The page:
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Is Peanut Butter Good for Diabetics?

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Is Peanut Butter Good for Diabetics?
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For many, peanut butter is a staple. From growing up eating peanut butter and jelly sandwiches to spreading peanut butter on crackers to, yes, eating a spoonful of peanut butter straight out of the jar, it’s not uncommon for most people’s kitchen cupboards to have a jar or two of this nut butter within easy reach. But is peanut butter all that it’s hyped up to be? And how does it affect your diabetes, if at all?

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What is peanut butter?

The website Wikipedia describes peanut butter as “a food paste or spread made from ground, dry-roasted peanuts. It often contains additional ingredients that modify the taste or texture, such as salt, sweeteners or emulsifiers.”

That description pretty much hits the nail on the head. Peanut butter is so basic that you can make it yourself. Simply toss some roasted peanuts into a food processor and process until a thick, creamy paste forms. You now have peanut butter. Search the internet for how to make peanut butter and you’ll come across plenty of recipes. Some recipes may suggest adding some salt and/or honey, for example.

History of peanut butter

No doubt many people would like to shake the hand of the person (or persons) who invented peanut butter. According to the National Peanut Board, the South American Inca Indians are credited with first grinding peanut to make what we call peanut butter. The peanut butter that we’re all familiar with, however, is credited to at least three men: Marcellus Gilmore Edson from Canada who patented peanut paste in 1884, Dr. John Harvey Kellogg who patented a process for making peanut butter from raw peanuts in 1895, and Dr. Ambrose Straub from St. Louis who patented a peanut-butter-making machine in 1903.

Peanut butter was first introduced at the St. Louis World’s Fair in 1904. Interestingly, for about 20 years after, peanut butter was an expensive treat. It wasn’t until the 1920s, when peanut butter began to be commercially produced, that it become more affordable. Peanut butter even played a key role in both World Wars; it’s thought that the now infamous peanut butter and jelly (aka PB and J) sandwich came about during World War II as sustenance due to a meat shortage.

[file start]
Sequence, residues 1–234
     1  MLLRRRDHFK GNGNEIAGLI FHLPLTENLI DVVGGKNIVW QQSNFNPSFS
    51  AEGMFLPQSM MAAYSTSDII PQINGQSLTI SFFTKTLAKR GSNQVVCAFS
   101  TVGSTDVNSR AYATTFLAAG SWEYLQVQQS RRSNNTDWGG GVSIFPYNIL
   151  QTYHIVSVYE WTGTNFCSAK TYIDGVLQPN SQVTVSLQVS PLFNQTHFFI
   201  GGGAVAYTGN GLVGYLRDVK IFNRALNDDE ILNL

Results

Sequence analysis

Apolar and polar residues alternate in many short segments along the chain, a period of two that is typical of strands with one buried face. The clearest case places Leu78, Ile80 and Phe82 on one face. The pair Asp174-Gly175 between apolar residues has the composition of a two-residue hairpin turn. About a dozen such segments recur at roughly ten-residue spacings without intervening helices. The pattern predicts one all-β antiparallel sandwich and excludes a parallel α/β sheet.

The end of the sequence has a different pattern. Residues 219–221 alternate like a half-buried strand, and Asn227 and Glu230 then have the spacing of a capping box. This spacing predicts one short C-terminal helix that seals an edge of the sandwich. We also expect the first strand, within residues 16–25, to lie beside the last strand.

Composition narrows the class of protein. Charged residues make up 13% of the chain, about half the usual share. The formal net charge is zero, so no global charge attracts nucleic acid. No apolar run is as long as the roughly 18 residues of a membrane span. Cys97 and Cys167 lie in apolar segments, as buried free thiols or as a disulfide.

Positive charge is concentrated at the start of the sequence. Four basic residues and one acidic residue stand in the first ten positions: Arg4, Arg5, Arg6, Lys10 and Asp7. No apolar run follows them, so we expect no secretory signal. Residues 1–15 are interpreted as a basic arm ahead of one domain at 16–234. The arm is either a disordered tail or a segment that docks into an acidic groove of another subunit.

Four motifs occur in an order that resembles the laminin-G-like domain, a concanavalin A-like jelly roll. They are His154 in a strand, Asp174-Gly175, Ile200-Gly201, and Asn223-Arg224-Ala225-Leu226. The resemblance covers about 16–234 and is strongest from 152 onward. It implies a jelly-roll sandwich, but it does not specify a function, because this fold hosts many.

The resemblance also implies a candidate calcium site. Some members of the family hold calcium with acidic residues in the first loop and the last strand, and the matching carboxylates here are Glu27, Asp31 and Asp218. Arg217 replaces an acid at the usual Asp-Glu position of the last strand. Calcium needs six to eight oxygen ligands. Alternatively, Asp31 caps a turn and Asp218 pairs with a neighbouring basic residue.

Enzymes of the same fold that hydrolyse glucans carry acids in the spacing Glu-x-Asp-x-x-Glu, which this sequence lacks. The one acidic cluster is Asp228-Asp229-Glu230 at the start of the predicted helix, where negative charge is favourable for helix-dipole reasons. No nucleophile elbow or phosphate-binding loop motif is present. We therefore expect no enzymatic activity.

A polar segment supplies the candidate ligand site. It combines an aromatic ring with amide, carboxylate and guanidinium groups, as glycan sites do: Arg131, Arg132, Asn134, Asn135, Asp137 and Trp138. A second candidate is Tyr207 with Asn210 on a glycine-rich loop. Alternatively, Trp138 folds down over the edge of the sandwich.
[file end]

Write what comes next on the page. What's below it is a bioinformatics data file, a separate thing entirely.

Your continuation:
(By the way, if you’re wondering, peanuts really aren’t nuts, and peanut butter really isn’t a nut butter. Peanuts are actually legumes, like lentils and peas. Legumes grow beneath the ground’s surface whereas nuts grow on trees. But for ease and practicality, we tend to lump peanuts together with other nuts, and peanut butter with other nut butters. That’s because peanuts’ “use in diets and cuisines more closely resemble that of nut,” proclaims The Peanut Institute. And that makes sense – can you imagine substituting peanuts for lentils to make lentil soup?)

Peanut butter is pretty big business in the United States. Peanuts are grown in 13 states across the U.S., as well as in many other countries, such as China, India and Nigeria. The U.S. is the third largest producer of peanut butter, according to the American Peanut Council’s website. In 2018, about 60% of peanuts grown in the U.S. were made into peanut butter. It’s ranked as being one of the most popular foods in the U.S., with an average consumption of three pounds per person per year.

Peanut butter health benefits

While not a low-calorie food (about 70% of its calories comes from fat), peanut butter definitely has merits when it comes to health.

Weight management

If you’re trying to lose weight or keep your weight stable, peanut butter can help keep you feeling full, thanks to its fat and protein content.

Heart health

About 80% of the fat in peanut butter comes from healthy unsaturated fat, which is a type of fat that may lower the risk of heart disease. Peanuts themselves contain a number of nutrients that boost heart health, including magnesium, B vitamins, phytosterols and antioxidants such as resveratrol.

Diabetes management

Peanut butter contains a small amount of carbohydrate. The glycemic index (GI) of peanut butter is 14, which is quite low. This means that peanut butter is less likely to cause high glucose spikes compared to foods with a high GI, such as white bread, for example.

Decreased spread of cancer cells

Nutrients in peanut butter, including unsaturated fats, phytosterols and resveratrol, have been shown to reduce the growth of cancer cells and limit the spread of cancer to other parts of the body.

Protection against Alzheimer’s disease

The niacin, vitamin E and resveratrol in peanuts have been shown to protect against Alzheimer’s disease and other age-related cognitive decline.

Less gallbladder disease

In one study, people who ate peanuts and peanut butter at least five times a week lowered their risk of gallbladder disease by up to 25%.

Peanut butter nutrition

Peanut butter has a pretty impressive nutrient profile – at least, in regard to the number of nutrients that it contains. These include:

· Unsaturated fat

· Protein

· Magnesium

· Phosphorous

· Zinc

· Niacin

· B vitamins

· Folate

· Vitamin E

· Copper

· Manganese

· Potassium

On the other hand, because commercial peanut butters often have added ingredients, you might also get sugar, salt, and partially hydrogenated vegetable oils (even natural and organic peanut butters ca contain these ingredients). And again, the number of calories in peanut butter is a force to be reckoned with if you have a hard time keeping the portion under control.